One of the most important things in life is the ability to understand and manage our emotions in a way that helps us communicate more effectively, empathize with others, and build stronger relationships. All this is determined by our emotional intelligence (EI), measured by our emotional quotient (EQ).

Since children have an abundant emotional life, EI can be taught starting at an early age, first by helping them engage with their emotions and learn how to express them. By cultivating emotional intelligence in children, we help them be better prepared to face challenges and grief or loss. They become adults who can calmly and rationally manage complex situations.

But how can we teach mindfulness habits to our children and contribute to their emotional development? Read below for some useful and easily implemented tips.

1. Identify and define their feelings

Naming a feeling can be difficult, as it is something we all understand differently. To help children put into words what they feel, we could start with the basic ones: happy, sad and angry, and ask them to associate these with, for example, a favorite story or cartoon character’s feelings.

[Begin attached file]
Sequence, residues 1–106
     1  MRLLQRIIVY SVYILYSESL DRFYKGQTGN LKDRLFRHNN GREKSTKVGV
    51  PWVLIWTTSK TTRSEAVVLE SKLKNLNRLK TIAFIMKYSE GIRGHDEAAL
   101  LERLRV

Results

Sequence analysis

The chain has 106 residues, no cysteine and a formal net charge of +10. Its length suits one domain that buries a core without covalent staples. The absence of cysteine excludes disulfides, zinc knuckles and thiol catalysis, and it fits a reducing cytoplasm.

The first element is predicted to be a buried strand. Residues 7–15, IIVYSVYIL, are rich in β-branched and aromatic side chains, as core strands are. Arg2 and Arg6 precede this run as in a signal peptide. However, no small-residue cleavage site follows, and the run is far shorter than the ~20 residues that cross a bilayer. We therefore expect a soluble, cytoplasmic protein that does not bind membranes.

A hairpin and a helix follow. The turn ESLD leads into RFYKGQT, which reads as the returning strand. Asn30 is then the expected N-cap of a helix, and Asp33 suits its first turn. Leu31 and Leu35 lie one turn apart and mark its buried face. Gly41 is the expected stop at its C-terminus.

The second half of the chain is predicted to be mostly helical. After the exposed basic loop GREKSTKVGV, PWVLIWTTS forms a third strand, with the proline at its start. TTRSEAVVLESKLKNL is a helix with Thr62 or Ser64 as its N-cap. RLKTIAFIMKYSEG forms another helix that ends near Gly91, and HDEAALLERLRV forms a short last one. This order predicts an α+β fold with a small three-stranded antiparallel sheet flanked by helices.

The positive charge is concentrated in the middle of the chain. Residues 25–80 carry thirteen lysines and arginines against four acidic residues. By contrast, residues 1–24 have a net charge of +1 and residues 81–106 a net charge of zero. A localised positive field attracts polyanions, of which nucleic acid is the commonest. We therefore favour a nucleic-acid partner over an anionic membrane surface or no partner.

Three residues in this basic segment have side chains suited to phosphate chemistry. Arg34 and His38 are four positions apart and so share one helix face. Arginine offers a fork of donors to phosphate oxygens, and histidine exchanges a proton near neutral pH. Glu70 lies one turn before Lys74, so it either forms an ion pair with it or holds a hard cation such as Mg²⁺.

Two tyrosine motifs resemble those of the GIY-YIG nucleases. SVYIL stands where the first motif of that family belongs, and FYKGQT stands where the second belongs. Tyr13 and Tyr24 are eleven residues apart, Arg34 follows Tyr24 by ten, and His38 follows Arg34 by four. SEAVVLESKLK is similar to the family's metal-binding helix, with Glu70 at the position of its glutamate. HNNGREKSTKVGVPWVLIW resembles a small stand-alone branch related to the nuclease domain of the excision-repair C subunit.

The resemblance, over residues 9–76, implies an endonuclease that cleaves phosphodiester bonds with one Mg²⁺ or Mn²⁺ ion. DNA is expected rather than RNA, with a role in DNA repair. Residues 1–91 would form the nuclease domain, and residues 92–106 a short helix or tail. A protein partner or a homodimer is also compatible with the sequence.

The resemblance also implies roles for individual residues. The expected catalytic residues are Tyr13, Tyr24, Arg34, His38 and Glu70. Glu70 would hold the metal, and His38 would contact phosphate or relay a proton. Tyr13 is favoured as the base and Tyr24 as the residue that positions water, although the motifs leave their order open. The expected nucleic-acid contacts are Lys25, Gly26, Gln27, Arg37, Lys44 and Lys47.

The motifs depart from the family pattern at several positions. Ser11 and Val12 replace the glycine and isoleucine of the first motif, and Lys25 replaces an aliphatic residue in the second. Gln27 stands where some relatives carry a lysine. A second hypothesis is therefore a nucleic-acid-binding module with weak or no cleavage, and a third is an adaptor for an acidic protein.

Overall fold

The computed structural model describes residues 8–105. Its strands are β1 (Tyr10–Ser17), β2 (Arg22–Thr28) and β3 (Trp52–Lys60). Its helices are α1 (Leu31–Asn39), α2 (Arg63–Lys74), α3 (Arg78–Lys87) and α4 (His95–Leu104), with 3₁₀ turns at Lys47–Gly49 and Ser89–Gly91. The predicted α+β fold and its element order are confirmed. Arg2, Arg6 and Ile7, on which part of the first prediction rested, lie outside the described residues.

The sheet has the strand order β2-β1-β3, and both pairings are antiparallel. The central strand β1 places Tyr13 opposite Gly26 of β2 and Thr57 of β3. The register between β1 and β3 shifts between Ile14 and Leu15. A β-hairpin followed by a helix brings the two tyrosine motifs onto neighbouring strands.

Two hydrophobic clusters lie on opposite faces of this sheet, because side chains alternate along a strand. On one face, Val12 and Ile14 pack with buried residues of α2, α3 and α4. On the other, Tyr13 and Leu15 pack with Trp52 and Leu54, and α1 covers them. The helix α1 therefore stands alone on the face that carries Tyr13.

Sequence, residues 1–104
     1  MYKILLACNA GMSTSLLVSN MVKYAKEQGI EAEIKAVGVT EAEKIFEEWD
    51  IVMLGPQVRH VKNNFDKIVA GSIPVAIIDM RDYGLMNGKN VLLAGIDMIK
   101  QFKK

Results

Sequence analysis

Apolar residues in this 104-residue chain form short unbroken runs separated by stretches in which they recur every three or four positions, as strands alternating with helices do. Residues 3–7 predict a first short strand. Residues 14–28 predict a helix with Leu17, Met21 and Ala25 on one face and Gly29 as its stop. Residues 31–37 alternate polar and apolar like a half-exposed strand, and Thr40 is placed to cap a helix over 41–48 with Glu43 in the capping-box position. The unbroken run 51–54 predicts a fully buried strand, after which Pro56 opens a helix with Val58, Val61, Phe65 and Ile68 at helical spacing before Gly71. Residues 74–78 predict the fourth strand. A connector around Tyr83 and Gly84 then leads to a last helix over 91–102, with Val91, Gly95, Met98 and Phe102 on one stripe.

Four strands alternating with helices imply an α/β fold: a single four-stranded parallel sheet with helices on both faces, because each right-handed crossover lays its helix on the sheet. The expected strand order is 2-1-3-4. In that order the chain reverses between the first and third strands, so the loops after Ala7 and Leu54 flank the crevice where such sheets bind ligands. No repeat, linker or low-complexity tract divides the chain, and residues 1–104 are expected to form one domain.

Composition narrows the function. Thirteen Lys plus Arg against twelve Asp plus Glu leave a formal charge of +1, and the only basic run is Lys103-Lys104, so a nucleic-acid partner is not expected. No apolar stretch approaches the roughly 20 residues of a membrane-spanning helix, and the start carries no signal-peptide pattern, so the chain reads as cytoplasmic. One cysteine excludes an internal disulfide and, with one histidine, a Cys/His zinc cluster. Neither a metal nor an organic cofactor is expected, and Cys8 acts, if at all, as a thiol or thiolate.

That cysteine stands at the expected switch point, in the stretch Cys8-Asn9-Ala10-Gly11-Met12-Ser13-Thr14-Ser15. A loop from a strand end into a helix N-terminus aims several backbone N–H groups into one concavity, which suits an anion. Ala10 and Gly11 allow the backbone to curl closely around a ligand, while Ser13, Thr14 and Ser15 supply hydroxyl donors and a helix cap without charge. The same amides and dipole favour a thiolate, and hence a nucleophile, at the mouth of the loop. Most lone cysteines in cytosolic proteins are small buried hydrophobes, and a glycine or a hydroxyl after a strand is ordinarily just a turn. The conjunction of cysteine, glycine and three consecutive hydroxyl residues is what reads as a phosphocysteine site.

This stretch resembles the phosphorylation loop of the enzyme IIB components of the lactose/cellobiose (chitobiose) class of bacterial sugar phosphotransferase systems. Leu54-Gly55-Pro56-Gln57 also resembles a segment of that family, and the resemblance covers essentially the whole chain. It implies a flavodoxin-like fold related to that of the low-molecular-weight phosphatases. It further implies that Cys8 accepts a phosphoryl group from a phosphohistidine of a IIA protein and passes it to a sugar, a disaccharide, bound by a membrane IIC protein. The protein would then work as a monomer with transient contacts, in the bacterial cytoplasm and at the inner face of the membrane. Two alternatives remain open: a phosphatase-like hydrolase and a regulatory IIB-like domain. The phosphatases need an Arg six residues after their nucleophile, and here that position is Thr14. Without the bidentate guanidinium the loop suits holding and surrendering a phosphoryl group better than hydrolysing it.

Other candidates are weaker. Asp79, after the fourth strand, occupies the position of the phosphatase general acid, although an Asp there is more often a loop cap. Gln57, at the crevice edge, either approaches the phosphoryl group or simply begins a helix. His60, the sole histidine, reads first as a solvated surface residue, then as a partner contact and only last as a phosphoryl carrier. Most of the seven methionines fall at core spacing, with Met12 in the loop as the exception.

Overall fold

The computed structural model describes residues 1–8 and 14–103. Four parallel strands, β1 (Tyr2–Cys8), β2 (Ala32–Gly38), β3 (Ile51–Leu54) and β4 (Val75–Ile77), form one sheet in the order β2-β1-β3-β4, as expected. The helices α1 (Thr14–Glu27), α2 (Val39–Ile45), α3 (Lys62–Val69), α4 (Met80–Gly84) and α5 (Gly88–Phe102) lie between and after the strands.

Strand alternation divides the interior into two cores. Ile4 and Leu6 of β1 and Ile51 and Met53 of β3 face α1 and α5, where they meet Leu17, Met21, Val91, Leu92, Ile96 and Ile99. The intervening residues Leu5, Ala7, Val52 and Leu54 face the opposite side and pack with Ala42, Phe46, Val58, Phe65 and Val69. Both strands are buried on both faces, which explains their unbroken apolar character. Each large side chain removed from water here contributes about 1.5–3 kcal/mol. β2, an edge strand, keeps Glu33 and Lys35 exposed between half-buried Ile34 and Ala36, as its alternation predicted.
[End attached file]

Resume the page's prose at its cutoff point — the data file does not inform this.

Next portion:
2. Show empathy

It is very important to validate your child’s feelings instead of minimizing them. Even if sometimes it might seem hard to understand why they are upset, showing them empathy and reassuring them that we understand how they feel creates a safe space where they can develop their emotional intelligence.

3. Develop problem-solving skills

Another important step in building emotional intelligence is working through the issue and trying to fix it. Once their feelings have been addressed, it’s easier to show children how to identify solutions for solving the problem. This can be done by asking them questions or coming up with as many ideas as possible together.

How can we recognize emotionally intelligent children?

Children with high EQ are generally confident and make friends very easily. They are also easy to talk to and will ask for help if they need it.


Building emotional intelligence in children has a lot of benefits, such as developing social awareness and achieving a high degree of self-control. This is a continuous process, and if implemented at a young age, children will become adults who face life with gratitude and will know how to manage and deal with their emotions.